The Life and Times of Frida Kahlo
By Madhavi Pothukuchi
5 July 2022
You may not know her name, but you may recognise her from the famous flower headdress, black hair, unibrow and colourful clothes. Frida Kahlo is one of the most famous and influential artists of the 20th century, known for her bright, colourful paintings on life, love, and suffering without any formal art education. On her 115th birth anniversary, let’s know more about her life and why her art is so important.
Born Magdalena Carmen Frieda Kahlo y Calderón on 6 July 1907 in a small town in Mexico, Frida suffered from polio as a child that left her with a limp. She grew up helping her photographer father but wasn't interested in the art. She was more fascinated by science and aspired to become a doctor one day. However, at the age of 18, she was involved in a bus accident that left her bed-ridden.
Frida spent a lot of time recovering from her injuries, so she took up painting as a way to express her pain and boredom. She taught herself how to paint by studying some classics and made a lot of self-portraits in that iconic, straight-faced pose of herself. In fact, Frida is known for her self-portraits that mostly showed her state of mind. She made 55 self-portraits out of the 150 overall paintings.
Frida’s paintings were often labelled as surrealist works of art, which she always denied. Themes about women’s rights and issues, Mexican culture, and abstract themes like the main questions about life and the universe are prominent in her paintings.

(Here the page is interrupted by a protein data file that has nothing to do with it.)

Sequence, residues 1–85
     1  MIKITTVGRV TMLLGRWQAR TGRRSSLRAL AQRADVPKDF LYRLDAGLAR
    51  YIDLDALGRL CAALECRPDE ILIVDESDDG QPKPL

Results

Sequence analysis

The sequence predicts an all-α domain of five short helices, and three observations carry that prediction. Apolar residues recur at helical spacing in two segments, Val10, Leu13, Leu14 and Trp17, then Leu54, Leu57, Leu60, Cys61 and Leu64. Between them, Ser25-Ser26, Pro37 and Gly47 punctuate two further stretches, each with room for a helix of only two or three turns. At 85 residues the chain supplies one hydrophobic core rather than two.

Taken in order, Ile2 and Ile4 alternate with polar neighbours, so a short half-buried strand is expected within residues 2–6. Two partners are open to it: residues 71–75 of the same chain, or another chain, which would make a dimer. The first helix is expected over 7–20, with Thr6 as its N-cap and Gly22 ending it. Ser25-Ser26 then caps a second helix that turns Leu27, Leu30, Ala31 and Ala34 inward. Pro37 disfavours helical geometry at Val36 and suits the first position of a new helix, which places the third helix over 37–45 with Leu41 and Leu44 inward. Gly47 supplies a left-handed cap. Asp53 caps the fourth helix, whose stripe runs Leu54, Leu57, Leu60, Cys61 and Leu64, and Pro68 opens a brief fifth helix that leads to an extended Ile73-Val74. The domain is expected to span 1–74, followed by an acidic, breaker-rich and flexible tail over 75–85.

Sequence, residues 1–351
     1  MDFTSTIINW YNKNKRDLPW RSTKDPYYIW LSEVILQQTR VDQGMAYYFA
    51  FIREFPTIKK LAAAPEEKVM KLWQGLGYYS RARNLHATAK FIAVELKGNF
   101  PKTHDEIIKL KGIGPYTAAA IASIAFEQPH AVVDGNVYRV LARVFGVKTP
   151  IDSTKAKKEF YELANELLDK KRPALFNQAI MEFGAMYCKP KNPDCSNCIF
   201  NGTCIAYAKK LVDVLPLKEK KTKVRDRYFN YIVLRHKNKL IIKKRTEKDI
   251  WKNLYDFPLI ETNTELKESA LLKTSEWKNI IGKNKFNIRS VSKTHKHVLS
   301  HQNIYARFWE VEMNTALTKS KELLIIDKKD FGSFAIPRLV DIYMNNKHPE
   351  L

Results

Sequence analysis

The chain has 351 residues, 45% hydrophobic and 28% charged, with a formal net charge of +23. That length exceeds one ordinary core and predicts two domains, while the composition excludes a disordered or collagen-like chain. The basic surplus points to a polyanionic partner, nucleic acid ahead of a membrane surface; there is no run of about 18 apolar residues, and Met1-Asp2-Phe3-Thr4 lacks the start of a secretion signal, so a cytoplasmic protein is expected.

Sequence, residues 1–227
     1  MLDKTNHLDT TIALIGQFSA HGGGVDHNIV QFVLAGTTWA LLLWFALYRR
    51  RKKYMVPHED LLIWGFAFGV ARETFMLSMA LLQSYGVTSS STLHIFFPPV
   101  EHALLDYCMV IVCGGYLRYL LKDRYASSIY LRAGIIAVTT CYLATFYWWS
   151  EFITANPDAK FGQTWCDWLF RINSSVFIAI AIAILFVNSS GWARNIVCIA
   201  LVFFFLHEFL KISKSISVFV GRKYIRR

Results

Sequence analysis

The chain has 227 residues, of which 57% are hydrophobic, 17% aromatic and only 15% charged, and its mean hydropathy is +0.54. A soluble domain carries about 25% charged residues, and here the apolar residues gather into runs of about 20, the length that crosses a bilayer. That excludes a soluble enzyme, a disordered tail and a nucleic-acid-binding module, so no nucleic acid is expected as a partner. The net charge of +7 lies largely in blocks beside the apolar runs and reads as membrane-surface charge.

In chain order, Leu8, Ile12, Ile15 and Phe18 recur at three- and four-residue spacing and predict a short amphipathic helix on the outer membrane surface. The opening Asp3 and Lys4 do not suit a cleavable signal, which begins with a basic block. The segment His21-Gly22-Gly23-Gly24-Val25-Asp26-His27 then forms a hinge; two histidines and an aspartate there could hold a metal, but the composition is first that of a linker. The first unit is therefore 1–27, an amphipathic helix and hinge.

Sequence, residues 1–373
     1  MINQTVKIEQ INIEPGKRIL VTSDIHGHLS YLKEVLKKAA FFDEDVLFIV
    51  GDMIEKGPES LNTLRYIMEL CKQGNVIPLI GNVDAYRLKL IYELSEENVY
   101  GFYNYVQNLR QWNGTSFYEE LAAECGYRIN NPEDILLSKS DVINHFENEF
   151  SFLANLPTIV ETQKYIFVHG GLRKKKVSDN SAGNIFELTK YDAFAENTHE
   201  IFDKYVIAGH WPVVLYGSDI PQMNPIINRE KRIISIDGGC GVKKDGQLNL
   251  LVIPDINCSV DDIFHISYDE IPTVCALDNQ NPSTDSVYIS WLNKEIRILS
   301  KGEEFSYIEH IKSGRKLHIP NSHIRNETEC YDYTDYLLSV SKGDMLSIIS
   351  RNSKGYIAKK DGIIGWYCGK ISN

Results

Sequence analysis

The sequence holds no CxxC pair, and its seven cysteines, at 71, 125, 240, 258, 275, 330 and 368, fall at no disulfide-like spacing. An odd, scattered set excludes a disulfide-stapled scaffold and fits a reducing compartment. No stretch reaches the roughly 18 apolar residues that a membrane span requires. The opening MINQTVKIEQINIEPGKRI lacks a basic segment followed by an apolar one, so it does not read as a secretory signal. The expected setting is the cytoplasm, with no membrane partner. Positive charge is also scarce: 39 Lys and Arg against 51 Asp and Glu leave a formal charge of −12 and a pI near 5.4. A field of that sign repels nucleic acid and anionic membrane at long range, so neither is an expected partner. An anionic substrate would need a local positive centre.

In 1929, Frida married Diego Rivera, a famous Mexican artist known for his huge murals or paintings made on walls. They had a complicated relationship, got separated a few years later and remarried again. The two artists fed off each other for inspiration but had very different styles.
Through Diego, Frida met many other artists with whom she discussed art and politics. In the 1930s, Frida travelled to the US with Diego and lived with him by painting and putting up exhibitions. But she moved back to Mexico in 1934 and made some of her most prolific paintings ever done before. Her first exhibition was in New York and Paris in 1938-39 that got positive reviews and recognition from artists and critics.
Frida was very vocal about her political and social beliefs. She was a staunch feminist who spoke about women’s issues and was passionate about Mexican folk art, politics and history. Her paintings reflected her views, often talking about what it is like to be a woman in Mexico and the world.
While she achieved international fame, Frida’s health was never on her side. She was constantly in and out of hospitals, undergoing surgeries and treating ailments, ultimately resulting in her death on 13 July 1954. But she left behind a legacy that inspired young girls everywhere to believe in themselves and express their opinions without fear.